Written by Nathanael Whisonant and Nicholas Whisonant
We wake up at a campground in Custer, SD. We eat breakfast and leave for the day. First we go to the national museum of woodcarving.
My mom and dad go into the museum and come back to the car and said that the four older kids could get out. Ends up that just dad, Ryon, Alex, and I (Nathanael) get out. We go in and pay for us.
First we watch a movie about the woodcarving at the museum. It was very good. Then we go and look at the wood carving. Some of carvings could move and talk, others couldn’t. The carvings were awesome. After we looked at the carvings, we met a man who worked there and does handmade carvings. We talked with him and he showed us some really cool and funny carvings. One of the cool things was he took his belt and a wood tobacco pipe, he put the belt over the top of the pipe-shaped wood and put the pipe on my finger. You know what, it balanced on my finger. It was awesome. After that we went and saw a few people using little electric tools to make wooden birds. Finally we go into the gift shop and look around. They had some very good looking carvings and we ended up getting a cribbage board which is beautiful. If any of you ever go to Custer, I highly recommend going there. (By Nathanael)
Then we went to the Mammoth Site. It was amazing. We learned that there were two different kinds of species, the Wooly and Columbian Mammoths. The Columbian was 4.3 meters high and the Wooly was 3.4 meters high. One of their predators was the Giant Short-Faced Bear. He could take out a Columbian. The Giant Short-Faced Bear could, if it stood on its hind legs and strained its arms, reach 15ft 4in tall, about to the shoulder of a Columbian mammoth. There was first a sinkhole, then it turned into a hot spring. The mammoths liked to get into the pool because it was warm, but once they got in they never got out because they drowned. However, their bones were preserved in it. Eventually the hot spring filled in and became a hill so the bones were preserved. Years later a man bought the land to build some apartments. The hill needed to be flattened. So when they were working on it a bulldozer turned over some bones and the owner immediately stopped work and sold it at cost to an archeologist who began to excavate the fossils. Eventually it became the Mammoth Site. I highly recommend it. As a matter of fact the sink hole is still being worked in. If you go there you might be able to see them work in it. Make sure you go in the summer or it is highly unlikely that you will see them working in it because in the winter they work in the lab on the artifacts and fossils found during the dig in the summer. (By Nicholas)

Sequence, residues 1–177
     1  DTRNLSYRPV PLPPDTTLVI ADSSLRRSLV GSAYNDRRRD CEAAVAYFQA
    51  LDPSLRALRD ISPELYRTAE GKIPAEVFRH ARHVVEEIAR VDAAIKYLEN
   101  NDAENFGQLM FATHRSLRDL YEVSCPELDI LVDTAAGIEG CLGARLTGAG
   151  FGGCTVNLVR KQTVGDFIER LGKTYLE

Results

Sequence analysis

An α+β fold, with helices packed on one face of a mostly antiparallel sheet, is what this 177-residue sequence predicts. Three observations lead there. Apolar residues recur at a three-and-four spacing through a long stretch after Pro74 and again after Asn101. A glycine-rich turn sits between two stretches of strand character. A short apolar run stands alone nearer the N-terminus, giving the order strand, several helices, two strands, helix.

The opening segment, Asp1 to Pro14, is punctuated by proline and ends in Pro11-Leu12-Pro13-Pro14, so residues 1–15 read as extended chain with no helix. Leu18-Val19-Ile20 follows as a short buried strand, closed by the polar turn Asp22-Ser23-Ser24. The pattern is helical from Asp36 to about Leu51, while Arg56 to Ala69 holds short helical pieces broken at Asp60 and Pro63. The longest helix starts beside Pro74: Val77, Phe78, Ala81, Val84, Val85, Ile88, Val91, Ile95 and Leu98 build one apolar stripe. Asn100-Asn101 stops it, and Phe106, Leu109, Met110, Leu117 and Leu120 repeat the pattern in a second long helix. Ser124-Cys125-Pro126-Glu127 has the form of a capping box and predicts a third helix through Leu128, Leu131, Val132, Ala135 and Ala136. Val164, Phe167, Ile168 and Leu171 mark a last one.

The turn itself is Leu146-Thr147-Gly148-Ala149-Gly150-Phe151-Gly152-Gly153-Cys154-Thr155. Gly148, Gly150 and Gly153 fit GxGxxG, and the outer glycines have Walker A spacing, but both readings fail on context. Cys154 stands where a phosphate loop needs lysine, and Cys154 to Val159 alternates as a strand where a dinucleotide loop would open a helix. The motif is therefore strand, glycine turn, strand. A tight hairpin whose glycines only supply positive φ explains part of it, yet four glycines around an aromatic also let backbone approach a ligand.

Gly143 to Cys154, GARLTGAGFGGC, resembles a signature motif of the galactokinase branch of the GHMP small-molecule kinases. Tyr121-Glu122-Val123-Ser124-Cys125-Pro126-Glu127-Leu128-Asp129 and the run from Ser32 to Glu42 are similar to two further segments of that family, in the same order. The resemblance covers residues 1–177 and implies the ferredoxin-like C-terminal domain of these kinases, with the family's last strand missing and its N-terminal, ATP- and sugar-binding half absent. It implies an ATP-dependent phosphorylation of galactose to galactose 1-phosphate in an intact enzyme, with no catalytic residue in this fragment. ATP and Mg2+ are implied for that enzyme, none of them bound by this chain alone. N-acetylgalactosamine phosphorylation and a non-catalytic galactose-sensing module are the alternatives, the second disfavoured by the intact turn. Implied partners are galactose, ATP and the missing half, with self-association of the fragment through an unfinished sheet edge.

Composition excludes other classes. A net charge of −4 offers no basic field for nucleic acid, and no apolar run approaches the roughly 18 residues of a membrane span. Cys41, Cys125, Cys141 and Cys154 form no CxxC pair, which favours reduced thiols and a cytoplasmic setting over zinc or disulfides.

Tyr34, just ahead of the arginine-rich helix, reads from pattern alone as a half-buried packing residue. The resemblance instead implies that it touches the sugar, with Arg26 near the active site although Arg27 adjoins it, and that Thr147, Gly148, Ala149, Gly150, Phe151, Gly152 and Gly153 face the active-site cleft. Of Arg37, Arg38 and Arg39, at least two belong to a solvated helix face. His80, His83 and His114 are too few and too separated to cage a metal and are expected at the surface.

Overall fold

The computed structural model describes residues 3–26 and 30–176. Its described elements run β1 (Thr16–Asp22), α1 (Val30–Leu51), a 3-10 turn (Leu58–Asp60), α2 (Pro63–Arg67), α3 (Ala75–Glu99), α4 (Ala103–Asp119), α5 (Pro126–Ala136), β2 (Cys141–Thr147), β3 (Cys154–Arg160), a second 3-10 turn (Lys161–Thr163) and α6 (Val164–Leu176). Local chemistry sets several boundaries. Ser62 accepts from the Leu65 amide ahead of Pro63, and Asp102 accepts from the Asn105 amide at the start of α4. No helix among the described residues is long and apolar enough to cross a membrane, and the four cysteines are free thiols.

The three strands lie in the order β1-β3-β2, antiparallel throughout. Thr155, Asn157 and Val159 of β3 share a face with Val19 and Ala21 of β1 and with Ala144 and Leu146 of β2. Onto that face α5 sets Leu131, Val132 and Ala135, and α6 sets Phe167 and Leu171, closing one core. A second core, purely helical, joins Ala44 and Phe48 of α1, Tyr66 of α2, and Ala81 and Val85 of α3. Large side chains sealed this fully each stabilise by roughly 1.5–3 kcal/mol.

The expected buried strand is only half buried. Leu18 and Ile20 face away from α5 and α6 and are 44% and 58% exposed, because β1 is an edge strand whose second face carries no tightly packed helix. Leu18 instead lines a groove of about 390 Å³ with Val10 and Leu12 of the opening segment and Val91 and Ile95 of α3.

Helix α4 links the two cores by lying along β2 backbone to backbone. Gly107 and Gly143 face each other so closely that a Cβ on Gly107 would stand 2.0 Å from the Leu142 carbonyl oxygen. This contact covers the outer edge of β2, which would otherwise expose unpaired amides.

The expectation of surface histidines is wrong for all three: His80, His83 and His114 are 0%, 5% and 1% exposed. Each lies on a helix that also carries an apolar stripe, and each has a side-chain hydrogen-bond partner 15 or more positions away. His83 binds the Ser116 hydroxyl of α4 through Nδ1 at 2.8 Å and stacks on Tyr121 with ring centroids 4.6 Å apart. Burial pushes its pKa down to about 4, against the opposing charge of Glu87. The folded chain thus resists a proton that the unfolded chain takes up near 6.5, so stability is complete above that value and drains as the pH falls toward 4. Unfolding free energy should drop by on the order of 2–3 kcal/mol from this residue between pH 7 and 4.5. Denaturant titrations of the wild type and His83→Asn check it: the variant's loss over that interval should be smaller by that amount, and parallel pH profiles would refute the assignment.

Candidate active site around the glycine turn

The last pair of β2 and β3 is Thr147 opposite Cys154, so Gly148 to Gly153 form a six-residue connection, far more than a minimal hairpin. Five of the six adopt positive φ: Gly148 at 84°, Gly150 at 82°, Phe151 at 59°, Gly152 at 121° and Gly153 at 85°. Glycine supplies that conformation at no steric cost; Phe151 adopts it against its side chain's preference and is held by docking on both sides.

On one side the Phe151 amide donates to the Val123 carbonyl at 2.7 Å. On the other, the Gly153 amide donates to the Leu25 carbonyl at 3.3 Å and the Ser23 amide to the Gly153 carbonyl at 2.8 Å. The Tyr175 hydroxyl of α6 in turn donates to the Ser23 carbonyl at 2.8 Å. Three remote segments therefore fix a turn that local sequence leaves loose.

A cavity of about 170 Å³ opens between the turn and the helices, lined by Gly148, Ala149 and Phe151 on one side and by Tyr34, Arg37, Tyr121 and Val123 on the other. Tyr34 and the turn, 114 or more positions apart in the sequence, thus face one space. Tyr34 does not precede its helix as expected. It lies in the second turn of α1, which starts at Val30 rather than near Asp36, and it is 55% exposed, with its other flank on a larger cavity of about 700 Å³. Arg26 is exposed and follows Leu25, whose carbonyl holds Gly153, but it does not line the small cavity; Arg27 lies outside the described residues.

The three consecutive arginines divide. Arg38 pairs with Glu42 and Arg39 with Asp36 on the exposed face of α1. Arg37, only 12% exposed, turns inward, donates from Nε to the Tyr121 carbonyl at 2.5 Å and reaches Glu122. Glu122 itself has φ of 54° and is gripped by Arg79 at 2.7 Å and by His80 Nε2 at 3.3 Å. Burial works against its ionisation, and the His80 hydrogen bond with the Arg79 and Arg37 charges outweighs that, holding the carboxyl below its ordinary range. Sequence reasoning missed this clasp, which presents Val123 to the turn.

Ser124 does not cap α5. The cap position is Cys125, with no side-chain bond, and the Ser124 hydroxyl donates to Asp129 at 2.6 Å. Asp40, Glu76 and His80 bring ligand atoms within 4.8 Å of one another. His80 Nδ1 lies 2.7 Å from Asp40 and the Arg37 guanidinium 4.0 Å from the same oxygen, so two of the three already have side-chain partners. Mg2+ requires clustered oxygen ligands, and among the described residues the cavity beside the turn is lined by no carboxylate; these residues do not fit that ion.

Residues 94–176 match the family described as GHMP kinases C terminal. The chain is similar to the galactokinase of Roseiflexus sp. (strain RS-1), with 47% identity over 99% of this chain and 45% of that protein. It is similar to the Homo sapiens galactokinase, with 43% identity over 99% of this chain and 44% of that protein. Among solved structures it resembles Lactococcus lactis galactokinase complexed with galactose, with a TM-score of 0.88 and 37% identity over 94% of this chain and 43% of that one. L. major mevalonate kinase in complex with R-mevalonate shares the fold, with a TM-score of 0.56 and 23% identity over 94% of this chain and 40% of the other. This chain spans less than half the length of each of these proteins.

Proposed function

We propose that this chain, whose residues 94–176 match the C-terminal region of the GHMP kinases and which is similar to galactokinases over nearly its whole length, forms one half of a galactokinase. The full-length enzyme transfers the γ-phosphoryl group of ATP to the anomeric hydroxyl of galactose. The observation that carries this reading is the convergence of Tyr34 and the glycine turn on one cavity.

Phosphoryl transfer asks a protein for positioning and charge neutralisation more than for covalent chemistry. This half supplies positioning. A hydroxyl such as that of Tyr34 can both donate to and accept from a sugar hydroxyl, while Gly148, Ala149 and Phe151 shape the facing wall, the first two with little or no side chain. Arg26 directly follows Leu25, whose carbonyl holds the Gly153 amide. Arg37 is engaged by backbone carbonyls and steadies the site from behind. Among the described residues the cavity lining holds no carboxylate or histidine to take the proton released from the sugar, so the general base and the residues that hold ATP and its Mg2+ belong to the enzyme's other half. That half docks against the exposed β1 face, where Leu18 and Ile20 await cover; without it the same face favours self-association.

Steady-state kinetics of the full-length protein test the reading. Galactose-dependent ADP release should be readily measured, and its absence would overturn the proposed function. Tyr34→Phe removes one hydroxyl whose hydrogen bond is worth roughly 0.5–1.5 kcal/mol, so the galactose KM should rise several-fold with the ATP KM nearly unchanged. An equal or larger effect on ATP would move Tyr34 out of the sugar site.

After leaving the Mammoth Site, we drove into Custer State Park and took some of the wildlife loop. This is a very large state park with long scenic drives. We saw elk and what I believe was a Yellow-Bellied Marmot along with mule deer and bison. I never thought it would be possible to not be excited about seeing a bison, but we sure have seen a lot of them in the past several parks. It is encouraging to see so many as we all know how close to extinction they became. I still love to try to get into areas in these parks where I can’t even see the road and just imagine what it was like for the Native Americans, trappers, pioneers, etc. when they first arrived in these parts and all the natural beauty that they saw.
The West is so full of National Parks, that it has caused me to wonder why we have so few National Parks in the East. Yes, I know that we do have some, and some people may argue that there isn’t such unusual beauty in the East, but I am beginning to think that much of the very natural beauty in the East was already gone way before the idea of National Parks began. A good bit of the East was settled long before National Parks were born. Many of the old-wood forests were already gone – the really huge Live Oak trees had already been cut for being made into ship masts and such. It is disappointing that so much of the beauty of the East is commercialized and/or privatized. You can’t easily go to many natural beaches in the Carolinas and just enjoy the natural beauty. I wish I could though. It would be nice to be able to have a glimpse of what settlers would have seen when they first came to the Carolina coasts – not just huge hotels or lots of houses with throngs of people covering the beaches. I guess for now I will just have to use my imagination (or pay a lot of money to travel to someplace like Cumberland Island, GA – at least I think it costs a pretty penny; I could be wrong). Fortunately, I can still find a good deal of beauty in the Carolinas, and I love to go drive on the Blue Ridge Parkway – what a blessing that place is!